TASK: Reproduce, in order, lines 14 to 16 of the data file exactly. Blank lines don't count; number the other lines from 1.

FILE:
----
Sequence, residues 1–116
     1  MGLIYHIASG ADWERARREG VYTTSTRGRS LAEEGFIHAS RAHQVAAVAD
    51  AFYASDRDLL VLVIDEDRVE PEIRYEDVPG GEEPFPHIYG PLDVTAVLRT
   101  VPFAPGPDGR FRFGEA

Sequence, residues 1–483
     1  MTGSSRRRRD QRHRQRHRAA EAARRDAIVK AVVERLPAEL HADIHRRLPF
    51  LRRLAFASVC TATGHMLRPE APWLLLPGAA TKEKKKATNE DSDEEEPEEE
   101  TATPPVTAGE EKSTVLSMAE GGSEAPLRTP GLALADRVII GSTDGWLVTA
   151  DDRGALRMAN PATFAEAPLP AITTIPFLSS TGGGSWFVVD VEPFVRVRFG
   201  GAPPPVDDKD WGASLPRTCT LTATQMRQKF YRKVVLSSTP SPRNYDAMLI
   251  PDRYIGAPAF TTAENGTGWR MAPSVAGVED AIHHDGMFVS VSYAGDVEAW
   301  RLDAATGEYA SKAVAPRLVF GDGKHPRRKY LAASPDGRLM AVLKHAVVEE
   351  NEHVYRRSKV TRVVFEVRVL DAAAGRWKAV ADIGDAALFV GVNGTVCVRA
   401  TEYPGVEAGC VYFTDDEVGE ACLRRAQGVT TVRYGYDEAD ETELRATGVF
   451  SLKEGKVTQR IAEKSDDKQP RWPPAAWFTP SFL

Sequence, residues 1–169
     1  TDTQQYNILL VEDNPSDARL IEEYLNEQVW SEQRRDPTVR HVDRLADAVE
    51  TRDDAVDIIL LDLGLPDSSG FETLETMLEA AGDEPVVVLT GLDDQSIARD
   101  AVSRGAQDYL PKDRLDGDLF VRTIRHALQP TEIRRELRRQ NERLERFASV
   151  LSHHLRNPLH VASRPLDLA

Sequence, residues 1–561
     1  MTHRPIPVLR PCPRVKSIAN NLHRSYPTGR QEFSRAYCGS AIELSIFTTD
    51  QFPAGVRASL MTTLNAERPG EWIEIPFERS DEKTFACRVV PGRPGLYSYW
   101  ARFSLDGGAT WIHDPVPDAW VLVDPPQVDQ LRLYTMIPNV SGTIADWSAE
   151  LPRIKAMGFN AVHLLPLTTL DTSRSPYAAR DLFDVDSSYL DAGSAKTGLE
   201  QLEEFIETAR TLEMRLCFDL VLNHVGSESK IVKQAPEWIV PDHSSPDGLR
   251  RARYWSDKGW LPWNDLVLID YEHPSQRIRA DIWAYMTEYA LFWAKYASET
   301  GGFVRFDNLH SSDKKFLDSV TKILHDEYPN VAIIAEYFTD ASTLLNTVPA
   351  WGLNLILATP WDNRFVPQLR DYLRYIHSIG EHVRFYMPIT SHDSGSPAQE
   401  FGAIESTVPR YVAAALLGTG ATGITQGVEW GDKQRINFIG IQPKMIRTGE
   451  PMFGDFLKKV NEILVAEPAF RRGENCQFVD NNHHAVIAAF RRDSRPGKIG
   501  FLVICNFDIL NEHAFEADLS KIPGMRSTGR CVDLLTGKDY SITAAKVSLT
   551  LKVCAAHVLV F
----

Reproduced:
   401  TEYPGVEAGC VYFTDDEVGE ACLRRAQGVT TVRYGYDEAD ETELRATGVF
   451  SLKEGKVTQR IAEKSDDKQP RWPPAAWFTP SFL

Sequence, residues 1–169